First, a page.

It is thought to account for approximately 7% of cervical adenocarcinomas 2-3. The incidence is thought to have increased through the latter part of the 20th century 4.
These tumors are generally moderate differentiated and bear some resemblence to endometrioid adenocarcinoma of the endometrium.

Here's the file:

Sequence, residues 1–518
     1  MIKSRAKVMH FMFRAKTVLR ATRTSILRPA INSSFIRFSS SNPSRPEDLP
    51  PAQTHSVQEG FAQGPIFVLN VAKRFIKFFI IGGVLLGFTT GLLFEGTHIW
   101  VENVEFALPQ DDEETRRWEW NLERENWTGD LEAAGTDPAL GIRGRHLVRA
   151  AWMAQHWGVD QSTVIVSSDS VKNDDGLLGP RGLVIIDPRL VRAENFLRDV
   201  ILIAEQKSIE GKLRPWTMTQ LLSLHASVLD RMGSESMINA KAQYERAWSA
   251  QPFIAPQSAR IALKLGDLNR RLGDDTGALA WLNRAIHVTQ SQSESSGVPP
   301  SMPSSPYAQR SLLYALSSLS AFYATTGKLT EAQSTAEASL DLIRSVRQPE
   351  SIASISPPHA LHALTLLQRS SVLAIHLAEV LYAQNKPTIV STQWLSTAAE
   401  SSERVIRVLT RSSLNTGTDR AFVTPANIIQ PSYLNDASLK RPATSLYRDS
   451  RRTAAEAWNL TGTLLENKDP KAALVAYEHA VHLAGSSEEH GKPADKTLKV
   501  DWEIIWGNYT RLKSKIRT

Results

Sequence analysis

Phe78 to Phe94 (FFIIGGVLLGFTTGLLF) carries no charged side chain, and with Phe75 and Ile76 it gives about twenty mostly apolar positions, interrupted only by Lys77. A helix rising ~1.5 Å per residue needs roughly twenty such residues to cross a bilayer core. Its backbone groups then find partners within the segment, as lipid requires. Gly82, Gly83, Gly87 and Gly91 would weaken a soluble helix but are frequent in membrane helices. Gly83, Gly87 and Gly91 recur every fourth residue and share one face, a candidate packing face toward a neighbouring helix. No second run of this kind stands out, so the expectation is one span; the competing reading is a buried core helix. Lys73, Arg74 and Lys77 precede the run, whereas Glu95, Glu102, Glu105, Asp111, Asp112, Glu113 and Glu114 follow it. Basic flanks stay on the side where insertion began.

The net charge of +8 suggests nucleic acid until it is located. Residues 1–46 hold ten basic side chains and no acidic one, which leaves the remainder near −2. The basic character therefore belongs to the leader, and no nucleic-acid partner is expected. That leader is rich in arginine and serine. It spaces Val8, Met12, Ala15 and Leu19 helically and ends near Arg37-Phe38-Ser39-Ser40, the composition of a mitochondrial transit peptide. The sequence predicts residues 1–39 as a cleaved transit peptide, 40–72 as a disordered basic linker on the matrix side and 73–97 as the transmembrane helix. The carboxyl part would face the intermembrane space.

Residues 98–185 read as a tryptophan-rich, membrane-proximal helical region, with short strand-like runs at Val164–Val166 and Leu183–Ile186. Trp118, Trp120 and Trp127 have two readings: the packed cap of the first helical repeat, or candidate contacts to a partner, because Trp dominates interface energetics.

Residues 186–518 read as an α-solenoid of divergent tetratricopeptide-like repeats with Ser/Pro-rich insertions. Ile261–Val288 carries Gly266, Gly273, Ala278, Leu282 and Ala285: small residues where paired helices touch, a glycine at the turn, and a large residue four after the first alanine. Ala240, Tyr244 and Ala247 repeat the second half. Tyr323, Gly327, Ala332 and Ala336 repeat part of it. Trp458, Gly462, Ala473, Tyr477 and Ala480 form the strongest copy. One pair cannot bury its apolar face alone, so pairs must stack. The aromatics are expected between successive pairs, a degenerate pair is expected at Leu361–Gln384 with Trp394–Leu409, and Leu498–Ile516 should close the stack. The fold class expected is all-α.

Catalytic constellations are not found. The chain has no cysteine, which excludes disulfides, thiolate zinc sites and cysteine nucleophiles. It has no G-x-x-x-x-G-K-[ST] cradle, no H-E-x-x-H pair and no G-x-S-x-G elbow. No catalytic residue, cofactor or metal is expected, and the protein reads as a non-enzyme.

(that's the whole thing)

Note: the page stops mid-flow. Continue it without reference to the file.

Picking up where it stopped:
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- 4. Alfsen GC, Thoresen SO, Kristensen GB et-al. Histopathologic subtyping of cervical adenocarcinoma reveals increasing incidence rates of endometrioid tumors in all age groups: a population based study with review of all nonsquamous cervical carcinomas in Norway from 1966 to 1970, 1976 to 1980, and 1986 to 1990. Cancer. 2000;89 (6): 1291-9. - Pubmed citation